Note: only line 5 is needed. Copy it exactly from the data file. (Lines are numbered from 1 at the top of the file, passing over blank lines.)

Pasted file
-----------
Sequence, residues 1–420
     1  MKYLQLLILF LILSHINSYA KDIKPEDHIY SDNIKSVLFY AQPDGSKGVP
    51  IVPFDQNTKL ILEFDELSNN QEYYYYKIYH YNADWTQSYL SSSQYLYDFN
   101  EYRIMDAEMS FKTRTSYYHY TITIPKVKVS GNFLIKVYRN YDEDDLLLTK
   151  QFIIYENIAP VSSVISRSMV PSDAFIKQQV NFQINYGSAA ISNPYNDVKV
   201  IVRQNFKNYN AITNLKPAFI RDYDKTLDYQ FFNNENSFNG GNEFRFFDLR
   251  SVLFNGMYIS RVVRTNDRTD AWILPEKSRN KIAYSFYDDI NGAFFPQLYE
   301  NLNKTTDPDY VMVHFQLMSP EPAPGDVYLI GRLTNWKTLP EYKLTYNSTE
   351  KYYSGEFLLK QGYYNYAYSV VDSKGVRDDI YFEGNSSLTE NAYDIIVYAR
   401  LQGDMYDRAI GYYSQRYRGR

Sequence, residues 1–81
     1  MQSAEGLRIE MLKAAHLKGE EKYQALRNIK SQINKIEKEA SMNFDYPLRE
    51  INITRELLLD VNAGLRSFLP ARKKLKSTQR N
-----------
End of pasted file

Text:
   151  QFIIYENIAP VSSVISRSMV PSDAFIKQQV NFQINYGSAA ISNPYNDVKV